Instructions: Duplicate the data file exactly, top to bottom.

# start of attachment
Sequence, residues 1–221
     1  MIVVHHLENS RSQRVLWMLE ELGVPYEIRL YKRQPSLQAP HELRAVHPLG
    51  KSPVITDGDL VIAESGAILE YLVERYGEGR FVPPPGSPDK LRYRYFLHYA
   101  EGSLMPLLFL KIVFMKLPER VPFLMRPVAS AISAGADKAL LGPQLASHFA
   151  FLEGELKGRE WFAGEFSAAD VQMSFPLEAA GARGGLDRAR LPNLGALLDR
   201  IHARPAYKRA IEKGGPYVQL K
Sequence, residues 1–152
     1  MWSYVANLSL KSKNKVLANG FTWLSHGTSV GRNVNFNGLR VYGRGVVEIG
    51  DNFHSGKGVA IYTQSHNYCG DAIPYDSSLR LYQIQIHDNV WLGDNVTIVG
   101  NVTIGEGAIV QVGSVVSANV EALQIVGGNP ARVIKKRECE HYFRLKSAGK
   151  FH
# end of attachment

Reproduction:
Sequence, residues 1–221
     1  MIVVHHLENS RSQRVLWMLE ELGVPYEIRL YKRQPSLQAP HELRAVHPLG
    51  KSPVITDGDL VIAESGAILE YLVERYGEGR FVPPPGSPDK LRYRYFLHYA
   101  EGSLMPLLFL KIVFMKLPER VPFLMRPVAS AISAGADKAL LGPQLASHFA
   151  FLEGELKGRE WFAGEFSAAD VQMSFPLEAA GARGGLDRAR LPNLGALLDR
   201  IHARPAYKRA IEKGGPYVQL K
Sequence, residues 1–152
     1  MWSYVANLSL KSKNKVLANG FTWLSHGTSV GRNVNFNGLR VYGRGVVEIG
    51  DNFHSGKGVA IYTQSHNYCG DAIPYDSSLR LYQIQIHDNV WLGDNVTIVG
   101  NVTIGEGAIV QVGSVVSANV EALQIVGGNP ARVIKKRECE HYFRLKSAGK
   151  FH